Play Deficit- an alarming trend

“Neuroscientists, developmental biologists, social scientists, and researchers from every point of the scientific compass now know that play is a profound biological process.”

-Stuart Brown Play, How it shapes the Brain, Opens the Imagination, and invigorates the Soul

What happens when play, a “profound biological process” is interrupted?  Unfortunately it is becoming increasingly clear.  The consequences of play deficit are alarming, both to individuals and communities. . .

All Work and No Play: Why Your Kids Are More Anxious, Depressed

The Loss of Children’s Play: A Public Health Issue

Sixty minutes of daily unstructured free play is essential to children’s physical and mental health. (American Academy of Pediatrics, 2008)

The decline of play | Peter Gray | TEDxNavesink – YouTube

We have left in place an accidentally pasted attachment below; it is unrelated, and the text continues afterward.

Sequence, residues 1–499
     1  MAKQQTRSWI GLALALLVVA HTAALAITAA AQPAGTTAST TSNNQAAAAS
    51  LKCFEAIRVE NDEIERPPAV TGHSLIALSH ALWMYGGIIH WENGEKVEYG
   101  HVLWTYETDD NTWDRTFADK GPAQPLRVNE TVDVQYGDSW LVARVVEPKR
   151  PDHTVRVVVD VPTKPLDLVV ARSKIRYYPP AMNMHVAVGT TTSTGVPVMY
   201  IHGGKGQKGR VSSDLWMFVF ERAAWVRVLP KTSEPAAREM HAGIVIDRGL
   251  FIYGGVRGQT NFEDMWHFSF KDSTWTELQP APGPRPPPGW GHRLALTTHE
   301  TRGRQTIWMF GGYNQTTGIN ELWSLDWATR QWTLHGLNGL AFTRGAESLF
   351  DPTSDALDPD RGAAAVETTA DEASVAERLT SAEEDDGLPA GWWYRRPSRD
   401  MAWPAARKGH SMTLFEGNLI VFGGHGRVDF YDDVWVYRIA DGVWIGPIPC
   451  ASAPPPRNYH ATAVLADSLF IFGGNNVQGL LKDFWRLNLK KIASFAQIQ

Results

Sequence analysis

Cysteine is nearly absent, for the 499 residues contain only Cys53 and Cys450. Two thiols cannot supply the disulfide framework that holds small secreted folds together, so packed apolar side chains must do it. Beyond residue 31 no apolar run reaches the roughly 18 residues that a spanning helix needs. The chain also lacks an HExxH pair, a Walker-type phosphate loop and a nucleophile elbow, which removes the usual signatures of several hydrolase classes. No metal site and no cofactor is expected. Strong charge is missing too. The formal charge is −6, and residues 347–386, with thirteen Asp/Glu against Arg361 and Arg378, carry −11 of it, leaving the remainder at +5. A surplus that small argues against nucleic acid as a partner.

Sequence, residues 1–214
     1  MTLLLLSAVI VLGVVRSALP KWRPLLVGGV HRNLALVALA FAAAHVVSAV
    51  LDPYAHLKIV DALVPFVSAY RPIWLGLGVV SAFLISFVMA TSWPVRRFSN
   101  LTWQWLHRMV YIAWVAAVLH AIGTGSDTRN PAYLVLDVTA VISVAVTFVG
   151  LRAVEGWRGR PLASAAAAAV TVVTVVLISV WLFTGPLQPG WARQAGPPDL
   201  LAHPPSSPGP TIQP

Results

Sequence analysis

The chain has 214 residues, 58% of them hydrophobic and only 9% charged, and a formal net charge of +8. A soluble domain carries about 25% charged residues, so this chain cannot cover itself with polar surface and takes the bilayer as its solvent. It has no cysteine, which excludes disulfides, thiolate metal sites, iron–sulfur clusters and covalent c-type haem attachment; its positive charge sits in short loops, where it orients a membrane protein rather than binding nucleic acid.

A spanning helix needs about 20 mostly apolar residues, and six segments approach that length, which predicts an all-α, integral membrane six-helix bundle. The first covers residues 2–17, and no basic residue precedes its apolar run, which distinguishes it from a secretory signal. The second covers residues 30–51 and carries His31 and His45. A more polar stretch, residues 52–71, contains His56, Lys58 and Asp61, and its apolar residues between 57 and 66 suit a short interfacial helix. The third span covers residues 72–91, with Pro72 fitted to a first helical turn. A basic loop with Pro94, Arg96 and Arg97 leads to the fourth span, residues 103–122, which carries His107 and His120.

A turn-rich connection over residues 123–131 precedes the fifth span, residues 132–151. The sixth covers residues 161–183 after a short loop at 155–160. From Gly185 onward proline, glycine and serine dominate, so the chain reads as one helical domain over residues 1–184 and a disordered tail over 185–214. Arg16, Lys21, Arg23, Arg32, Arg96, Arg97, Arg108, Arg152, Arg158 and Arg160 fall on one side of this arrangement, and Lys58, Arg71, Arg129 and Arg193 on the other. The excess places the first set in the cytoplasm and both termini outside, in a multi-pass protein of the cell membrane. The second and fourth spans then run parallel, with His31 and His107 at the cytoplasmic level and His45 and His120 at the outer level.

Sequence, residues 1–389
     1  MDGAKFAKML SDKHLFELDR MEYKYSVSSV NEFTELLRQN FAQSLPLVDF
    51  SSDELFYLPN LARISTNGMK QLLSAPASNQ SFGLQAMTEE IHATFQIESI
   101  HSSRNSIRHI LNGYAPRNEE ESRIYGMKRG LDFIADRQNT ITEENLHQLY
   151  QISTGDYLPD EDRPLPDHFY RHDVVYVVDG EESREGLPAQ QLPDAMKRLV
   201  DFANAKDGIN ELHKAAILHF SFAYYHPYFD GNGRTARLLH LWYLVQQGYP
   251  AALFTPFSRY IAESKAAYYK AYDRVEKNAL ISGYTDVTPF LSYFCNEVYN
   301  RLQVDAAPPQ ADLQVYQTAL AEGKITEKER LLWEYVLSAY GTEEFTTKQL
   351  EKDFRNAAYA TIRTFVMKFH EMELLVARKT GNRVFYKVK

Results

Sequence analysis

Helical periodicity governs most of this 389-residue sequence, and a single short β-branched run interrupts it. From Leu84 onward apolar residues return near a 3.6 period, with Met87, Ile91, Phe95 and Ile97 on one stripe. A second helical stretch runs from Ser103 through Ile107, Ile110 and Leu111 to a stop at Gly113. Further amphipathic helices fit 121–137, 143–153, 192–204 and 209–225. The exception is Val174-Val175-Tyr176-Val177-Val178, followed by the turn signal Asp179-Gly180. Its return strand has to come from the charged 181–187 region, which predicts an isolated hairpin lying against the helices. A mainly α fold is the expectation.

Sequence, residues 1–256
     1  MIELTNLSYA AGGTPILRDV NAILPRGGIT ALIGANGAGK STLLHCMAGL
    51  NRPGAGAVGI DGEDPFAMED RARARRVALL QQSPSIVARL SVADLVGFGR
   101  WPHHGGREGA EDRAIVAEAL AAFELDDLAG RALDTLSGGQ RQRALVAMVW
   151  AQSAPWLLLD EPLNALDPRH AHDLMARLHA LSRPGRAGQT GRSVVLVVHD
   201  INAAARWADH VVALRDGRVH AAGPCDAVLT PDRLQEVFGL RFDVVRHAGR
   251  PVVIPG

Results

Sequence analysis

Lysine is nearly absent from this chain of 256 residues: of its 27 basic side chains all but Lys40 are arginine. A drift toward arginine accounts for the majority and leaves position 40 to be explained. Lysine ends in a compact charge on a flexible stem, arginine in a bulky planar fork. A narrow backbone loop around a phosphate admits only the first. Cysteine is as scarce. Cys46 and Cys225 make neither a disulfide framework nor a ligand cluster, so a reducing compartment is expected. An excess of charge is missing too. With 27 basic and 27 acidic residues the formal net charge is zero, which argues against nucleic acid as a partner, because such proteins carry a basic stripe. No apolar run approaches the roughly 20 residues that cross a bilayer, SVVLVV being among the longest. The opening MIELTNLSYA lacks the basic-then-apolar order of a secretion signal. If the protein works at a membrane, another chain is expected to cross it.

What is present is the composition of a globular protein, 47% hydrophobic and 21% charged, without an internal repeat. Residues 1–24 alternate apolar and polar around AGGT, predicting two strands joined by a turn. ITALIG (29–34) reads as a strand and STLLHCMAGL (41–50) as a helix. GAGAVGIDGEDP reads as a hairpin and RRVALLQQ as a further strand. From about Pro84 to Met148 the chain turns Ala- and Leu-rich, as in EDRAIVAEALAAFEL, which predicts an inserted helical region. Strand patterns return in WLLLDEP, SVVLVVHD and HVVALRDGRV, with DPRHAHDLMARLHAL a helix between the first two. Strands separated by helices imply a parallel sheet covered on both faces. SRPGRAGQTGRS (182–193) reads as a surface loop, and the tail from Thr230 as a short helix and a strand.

Consequences of Play Deprivation. Stuart L. Brown (2014), Scholarpedia, 9(5):30449.

American Academy of Pediatrics:  The Importance of Play in Promoting Healthy Child Development and Maintaining Strong Parent-Child Bonds


The problem

“Play is the highest level of child development . . . The plays of childhood are the germinal leaves of later life.”    -Friedrich Froebel

Researchers agree that play is an essential part of a child’s development and that children learn best through play.  (Adults learn best through play, too. . . but we’ll keep that research on hold for another post.)  Research also shows a clear link between the development of social and emotional skills and play experiences.

Play should be an important part of every early elementary classroom, but isn’t.  In my experiences as a teacher it is extremely difficult to incorporate play into a traditional classroom.  The days are too full of looming standards, an overwhelming amount of curriculum that must be covered, mandated benchmarks that must be reached, and seemingly endless assessments.  These academic mandates often take priority over other classroom experiences– never-ending work leaving no time for play!

It is time to rethink our early elementary classrooms.  It is time to be intentional; to acknowledge and incorporate the overwhelming research supporting play based learning.